What David didn’t realize at the time was that he may have built up that armour a little too much. It wasn’t until his third year, after the Golden Bears had won their first two games in three years, that he noticed something seemed slightly off.

“I was incredibly excited because these were the first wins of my university career, but the high of winning didn’t last very long. I was excited, but it was only temporary – that was what I had trained myself to be. Wins weren’t going to be the end-all, but neither are losses. Sheltering myself from the effects of the game, and minimizing the emotional rollercoaster that comes with winning and losing, helped me from being rocked by the waves of losing. It kept me from being in such a low spot, in terms of success on the field, and in the same way it kept me from being rocked by winning. So after we had won, I still wasn’t really that excited – I was pretty even-keel about it all.”

“This past season [with the Eskimos] was a huge eye opener for me. Being on a winning team for the first time in five years and finally having some success on the field was so fresh and new to me – it was awesome! But it wasn’t until we won the Grey Cup that I realized why I was so excited about it. I had been training myself that sport doesn’t affect me, and I had sheltered myself from it so I wasn’t disappointed that it didn’t fulfill me, so I was able to enjoy it just for what it was; the win was even more enjoyable than I had expected. I had trained myself that it wasn’t going to be that good, that it will be cool but not as great as what it’s made out to be; but it was! It was so exciting, so incredible, and I realized it was because I had soaked up and appreciated and taken in everything (the win) had to offer. Everyone else soaked it all in as well, but I didn’t experience any disappointment they may have felt afterwards – that nagging sensation that it still wasn’t enough. I already knew that it wasn’t going to be enough to fulfill me, and it was because of that reason I feel like I was able to enjoy it so much more than the majority. Because I was so unfamiliar with winning for so long, the experience was incredible. It didn’t take anything away from the joy of winning because I took everything the win had to offer and didn’t expect any more, so it wasn’t disappointing in any way. It was fantastic.”

When asked what victory beyond competition means to him, in light of winning and losing, David shared:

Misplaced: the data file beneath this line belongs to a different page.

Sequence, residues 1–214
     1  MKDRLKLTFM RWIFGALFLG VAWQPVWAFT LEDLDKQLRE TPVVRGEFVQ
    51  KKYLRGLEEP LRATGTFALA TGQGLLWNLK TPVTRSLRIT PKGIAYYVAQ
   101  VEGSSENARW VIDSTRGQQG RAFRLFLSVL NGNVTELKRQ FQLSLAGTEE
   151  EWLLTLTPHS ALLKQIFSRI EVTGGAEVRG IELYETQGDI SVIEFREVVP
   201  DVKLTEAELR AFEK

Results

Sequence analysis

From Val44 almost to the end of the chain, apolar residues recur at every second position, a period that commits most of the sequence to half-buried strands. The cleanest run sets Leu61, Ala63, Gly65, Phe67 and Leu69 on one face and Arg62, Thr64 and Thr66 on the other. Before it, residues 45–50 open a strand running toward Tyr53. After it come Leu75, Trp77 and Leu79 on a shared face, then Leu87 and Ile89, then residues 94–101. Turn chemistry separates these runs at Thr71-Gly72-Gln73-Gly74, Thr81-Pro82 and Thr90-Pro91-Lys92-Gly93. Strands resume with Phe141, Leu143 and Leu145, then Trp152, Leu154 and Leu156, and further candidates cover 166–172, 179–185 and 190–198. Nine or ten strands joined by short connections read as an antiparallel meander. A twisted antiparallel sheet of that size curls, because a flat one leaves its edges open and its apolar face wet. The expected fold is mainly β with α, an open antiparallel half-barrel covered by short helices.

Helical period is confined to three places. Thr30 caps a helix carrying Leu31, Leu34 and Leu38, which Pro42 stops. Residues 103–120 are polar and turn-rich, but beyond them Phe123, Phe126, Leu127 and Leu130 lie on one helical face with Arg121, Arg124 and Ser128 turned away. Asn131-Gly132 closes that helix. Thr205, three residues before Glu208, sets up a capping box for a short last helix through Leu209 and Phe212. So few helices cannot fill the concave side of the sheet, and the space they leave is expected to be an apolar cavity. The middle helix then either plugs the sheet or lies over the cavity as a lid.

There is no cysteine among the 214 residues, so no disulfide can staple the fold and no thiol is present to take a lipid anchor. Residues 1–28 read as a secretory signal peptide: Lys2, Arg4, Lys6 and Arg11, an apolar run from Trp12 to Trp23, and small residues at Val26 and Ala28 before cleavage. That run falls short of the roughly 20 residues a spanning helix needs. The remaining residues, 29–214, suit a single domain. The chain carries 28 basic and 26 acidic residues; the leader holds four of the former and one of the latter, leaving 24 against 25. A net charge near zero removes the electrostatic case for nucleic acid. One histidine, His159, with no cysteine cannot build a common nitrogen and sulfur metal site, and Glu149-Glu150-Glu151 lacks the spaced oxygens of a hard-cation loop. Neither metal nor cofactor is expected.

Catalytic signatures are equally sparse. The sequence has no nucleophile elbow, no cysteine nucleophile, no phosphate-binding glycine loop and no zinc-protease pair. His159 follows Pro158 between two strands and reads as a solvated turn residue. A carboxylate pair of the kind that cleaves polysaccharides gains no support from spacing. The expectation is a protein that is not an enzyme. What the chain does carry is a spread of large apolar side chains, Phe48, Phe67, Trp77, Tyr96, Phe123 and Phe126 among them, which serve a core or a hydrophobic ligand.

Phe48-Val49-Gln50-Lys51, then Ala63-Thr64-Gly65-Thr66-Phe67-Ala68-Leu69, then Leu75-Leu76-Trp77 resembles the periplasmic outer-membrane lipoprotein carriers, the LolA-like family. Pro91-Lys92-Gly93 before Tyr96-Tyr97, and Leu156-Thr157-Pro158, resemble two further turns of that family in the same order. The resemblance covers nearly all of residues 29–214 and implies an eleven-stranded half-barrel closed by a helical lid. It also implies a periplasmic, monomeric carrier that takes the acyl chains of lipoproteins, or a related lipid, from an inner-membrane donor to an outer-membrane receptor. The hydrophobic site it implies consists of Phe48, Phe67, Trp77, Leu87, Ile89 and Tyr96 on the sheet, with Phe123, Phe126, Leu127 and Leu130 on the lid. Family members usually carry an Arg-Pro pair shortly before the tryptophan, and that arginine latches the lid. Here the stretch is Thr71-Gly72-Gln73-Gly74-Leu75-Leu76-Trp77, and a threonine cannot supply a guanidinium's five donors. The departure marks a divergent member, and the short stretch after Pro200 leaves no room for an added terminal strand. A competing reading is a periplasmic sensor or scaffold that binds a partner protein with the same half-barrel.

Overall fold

“[Winning the Grey Cup] was the first time I was able to utilize all those AIA principles and really grasp and experience what it all means to put God first in your life and still be a winner, to still enjoy a championship and the competition of the elite of football. It’s because it’s not going to fulfill me, that I get to enjoy it this much. Christ is going to take some of the blows of losing, and if you don’t do it the right way like I did, you might also be misled in terms of thinking Jesus doesn’t want you to experience the fullness of a win too. Losses are tough, but the place I put God in my life helped me still be a strong competitor and love the game even when it sucked on the scoreboard. Emotion is still part of the game that God designed; it’s designed to be competitive, life-giving, and emotional. Putting sport in the place it’s supposed to be in your life will allow you to take all the good things it has to offer without being crushed by the losses.”

During the offseason he had the opportunity to visit several churches and communities across the province to use his sport as a platform to speak and share his story with various groups of people, alongside his wife Vanessa.

With training camp underway and the 2016-2017 CFL season fast approaching, David is excited coming into a new season, in hopes that both mentally and physically he will not only be able to come back well from an injury he suffered last year, but continue to improve his performance.

“It was definitely an uneasy feeling as time closed in on camp this year because I wasn’t sure how my hand would hold up, and God is definitely asking more from me in the trust department. The good news is he has, and is continuing to bless me with health so far and he has been working in my heart in a way that I believe even if my “field” goals aren’t achieved this year, I know God’s plan is still prevailing.”